Alejo Fernandez: “the championship would be anamazing feeling”
Let’s start with this, point blank: is 2016 a championship or bust year for you?
Nah, I really don’t think that way. Obviously, winning the championship is the main priority—but I don’t like to see things like “if I don’t win the championship, I’ll be disappointed.” At the end of the day, I’m racing cars, and I could be doing something a lot more terrible! So I tend to have a better attitude about things like that. But to take the championship would be an amazing feeling.
Last year you finished fourth in the standings, compared to third as a rookie. But the field was up to twice as big in 2015 as it was in some 2014 races, and you held the points lead for a time against a deeper field. How would you compare your first two seasons in GRC Lites to one another?
It’s kind of hard to say, because it depends on what you would call successful. The second season, the field was getting so competitive, and the first season just had a few of us that were just there. And Mitchell DeJong, being there, had a lot more experience than us. But I would consider both really successful.
In the first season, I was racing by myself—I had no teammate and had to learn everything by myself. At the end of that season, everything I learned translated into my second season last year. I think that proves that my first season was very successful, because in my second season, I got five podiums. I did a lot more in my second season, but it was with an elevated field. So I think both seasons were really successful, and I hope this one will be even more so.
You took your first career Lites pole and heat win last year, but you came out on the losing end of the closest finish of the season in Detroit—meaning you’re still looking for that first main event victory. How much is that first win on your mind entering 2016?
Not really much. The winning will come with being prepared, both mentally and physically, and both with yourself and with your team. We take things a step at a time—at least I do. If we can be fast, get a good qualifying spot, and stay up there, then that should translate to wins.
I had a couple of opportunities last year, fighting for the win, but a couple of technical difficulties hindered our results. I would just push a little too hard, and then that gap would get bigger. I think part of last season’s success was learning from those little mistakes, more or less driver errors and the learning curve from my first season. Now, with that under my belt, this season should be a lot better.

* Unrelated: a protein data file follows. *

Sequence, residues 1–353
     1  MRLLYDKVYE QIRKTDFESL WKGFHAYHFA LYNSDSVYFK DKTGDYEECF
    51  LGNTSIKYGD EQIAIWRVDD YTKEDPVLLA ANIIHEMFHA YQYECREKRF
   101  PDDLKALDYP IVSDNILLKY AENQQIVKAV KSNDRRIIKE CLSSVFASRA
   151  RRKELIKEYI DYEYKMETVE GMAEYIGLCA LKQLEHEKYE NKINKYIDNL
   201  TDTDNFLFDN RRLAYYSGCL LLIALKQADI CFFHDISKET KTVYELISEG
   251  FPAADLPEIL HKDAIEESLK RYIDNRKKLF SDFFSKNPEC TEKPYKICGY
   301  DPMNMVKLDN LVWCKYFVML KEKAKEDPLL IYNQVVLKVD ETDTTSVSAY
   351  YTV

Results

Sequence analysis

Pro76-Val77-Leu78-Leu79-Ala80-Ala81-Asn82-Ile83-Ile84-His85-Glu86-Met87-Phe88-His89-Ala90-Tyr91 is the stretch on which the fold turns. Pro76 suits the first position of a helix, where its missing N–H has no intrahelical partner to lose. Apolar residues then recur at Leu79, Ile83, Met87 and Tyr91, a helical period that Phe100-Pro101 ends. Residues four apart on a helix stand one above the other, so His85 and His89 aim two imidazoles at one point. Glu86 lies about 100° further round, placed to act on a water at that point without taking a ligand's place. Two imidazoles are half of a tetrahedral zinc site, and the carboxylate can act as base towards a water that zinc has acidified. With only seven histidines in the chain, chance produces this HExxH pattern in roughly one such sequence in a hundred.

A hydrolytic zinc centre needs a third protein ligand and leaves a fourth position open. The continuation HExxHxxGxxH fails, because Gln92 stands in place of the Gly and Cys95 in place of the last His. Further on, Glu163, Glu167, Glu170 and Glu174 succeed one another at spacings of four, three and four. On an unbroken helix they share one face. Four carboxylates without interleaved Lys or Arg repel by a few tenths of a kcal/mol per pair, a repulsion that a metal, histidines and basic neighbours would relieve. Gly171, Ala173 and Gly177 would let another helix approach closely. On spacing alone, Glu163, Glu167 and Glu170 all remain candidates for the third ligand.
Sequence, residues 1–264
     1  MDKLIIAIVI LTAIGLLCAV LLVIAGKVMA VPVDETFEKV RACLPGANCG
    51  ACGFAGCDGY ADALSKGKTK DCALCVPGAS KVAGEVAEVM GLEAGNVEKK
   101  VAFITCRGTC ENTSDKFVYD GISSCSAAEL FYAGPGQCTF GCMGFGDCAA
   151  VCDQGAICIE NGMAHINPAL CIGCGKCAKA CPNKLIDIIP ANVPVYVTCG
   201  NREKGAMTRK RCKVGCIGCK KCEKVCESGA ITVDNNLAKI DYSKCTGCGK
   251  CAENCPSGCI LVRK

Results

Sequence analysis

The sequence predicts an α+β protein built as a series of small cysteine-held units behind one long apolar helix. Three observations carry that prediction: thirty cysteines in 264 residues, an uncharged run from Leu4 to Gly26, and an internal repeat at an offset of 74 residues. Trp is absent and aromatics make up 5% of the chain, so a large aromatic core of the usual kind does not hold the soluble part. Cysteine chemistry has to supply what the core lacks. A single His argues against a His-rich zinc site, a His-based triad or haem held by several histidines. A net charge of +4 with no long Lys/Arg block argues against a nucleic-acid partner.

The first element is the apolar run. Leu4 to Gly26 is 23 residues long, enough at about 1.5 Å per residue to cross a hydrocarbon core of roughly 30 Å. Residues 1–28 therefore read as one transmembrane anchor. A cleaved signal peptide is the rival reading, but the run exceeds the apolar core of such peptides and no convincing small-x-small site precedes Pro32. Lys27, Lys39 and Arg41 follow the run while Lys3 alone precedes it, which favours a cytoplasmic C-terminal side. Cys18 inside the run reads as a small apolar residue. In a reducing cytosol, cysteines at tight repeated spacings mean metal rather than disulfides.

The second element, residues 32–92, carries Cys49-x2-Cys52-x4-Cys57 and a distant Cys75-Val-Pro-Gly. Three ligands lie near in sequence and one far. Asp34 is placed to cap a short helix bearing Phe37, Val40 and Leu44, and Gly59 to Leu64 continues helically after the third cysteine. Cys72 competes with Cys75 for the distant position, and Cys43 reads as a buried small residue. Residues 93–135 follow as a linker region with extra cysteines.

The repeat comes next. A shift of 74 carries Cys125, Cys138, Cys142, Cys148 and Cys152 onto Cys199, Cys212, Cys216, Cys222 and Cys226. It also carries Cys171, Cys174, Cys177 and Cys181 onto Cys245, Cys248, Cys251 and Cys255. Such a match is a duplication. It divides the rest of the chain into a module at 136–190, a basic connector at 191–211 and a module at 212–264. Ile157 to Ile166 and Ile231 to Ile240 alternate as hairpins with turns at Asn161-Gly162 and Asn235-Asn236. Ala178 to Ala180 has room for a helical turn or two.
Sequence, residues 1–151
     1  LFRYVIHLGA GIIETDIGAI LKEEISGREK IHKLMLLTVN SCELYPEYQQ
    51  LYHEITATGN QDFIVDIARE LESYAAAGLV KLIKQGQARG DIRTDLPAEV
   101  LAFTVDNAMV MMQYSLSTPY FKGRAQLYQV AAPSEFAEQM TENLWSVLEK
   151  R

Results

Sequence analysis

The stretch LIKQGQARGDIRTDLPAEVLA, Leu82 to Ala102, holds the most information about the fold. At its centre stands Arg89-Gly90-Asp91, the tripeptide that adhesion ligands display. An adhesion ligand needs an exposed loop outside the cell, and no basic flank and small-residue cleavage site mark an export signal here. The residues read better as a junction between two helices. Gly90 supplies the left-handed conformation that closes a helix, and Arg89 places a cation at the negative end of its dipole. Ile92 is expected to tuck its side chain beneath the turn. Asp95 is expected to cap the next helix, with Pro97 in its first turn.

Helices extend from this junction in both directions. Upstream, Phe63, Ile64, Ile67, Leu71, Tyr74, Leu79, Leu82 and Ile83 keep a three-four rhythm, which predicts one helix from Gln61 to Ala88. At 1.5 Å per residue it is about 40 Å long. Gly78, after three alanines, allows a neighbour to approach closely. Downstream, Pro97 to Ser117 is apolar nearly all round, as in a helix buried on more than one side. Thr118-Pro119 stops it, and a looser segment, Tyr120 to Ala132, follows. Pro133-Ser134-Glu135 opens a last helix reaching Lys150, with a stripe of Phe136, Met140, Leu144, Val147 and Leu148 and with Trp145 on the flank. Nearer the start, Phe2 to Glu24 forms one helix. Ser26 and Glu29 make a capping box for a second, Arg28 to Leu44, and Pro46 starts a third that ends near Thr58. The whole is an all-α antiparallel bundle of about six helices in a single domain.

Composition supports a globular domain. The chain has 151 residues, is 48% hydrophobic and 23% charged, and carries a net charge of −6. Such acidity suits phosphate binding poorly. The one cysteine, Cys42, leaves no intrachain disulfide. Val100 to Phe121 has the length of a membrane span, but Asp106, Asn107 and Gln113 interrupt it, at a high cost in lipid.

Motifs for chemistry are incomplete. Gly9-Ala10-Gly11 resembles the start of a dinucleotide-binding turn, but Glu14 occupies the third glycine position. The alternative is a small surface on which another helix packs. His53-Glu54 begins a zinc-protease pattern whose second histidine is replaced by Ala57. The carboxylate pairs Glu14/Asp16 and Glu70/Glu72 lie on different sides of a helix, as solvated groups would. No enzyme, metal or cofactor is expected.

You’ll be the lead and veteran driver on the AF Racing squad for the second year in a row. The key difference is that, this year, you’ll be working with two teammates—rookies Travis Pecoy and Christian Brooks—instead of just one. How much do you expect the newcomers to lean on you this year, especially early on?
I’m expecting it to be, for them, all about trying to learn as much as possible. The better they do, the better the team does, the better I can do. We’ll all share the same info, the same data, and then we can make it a team effort to win instead of just me battling against two other teammates. As long as we as a team can just keep getting better and faster, it’ll be better for everyone.
Your new rookie teammates are two drivers with completely different racing backgrounds from one another. How much have you worked with the two of them so far helping them to get up to speed? How can their respective approaches help you during a race weekend?
Well, just from the testing we’ve done, we’ve seen where they’re stronger and where they’re weaker. And that’s where I come in and help them—I tell them how to translate things from what they’ve run to a rallycross Lites car. They both have different backgrounds and different driving styles, but at the end of the day, in rallycross you have to adapt every single lap. So I think as long as they can get up to speed as fast as they’ve shown in testing, it’s going to be a very successful season for the AF Racing team.
As someone who’s been around Lites since the beginning, just how much has the class changed over the past few years? How much more difficult is it to be competitive now versus where it was a couple of years ago?
I think it’s incredibly difficult to be competitive and to be a front-runner now! Everybody that drives in these cars has to push these cars to their limit. You have to find that limit, and then once you find it, you have to be comfortable with it. When we started, it was a handful of us—maybe six or eight of us. With a lot more people in the field, it makes everything a lot more difficult.
Finally, we know for sure that you’re looking at a Supercar in the near future. What’s your plan for making the step up? Will you be trying to test or even race a Supercar this season?
My end goal is to be racing in the Supercar class—we decided to commit to another Lites season just to get me more seat time and to be in the sport. But what I really need to find is a little more sponsorship backing so I can make that jump into the Supercar class. I think a little bit of help with that could be my key into it. If I’m able to get a race this season at some point, if I make the step up into a Supercar this season, it means I’m definitely looking at something solid for next season where I’ll be locked in for sure.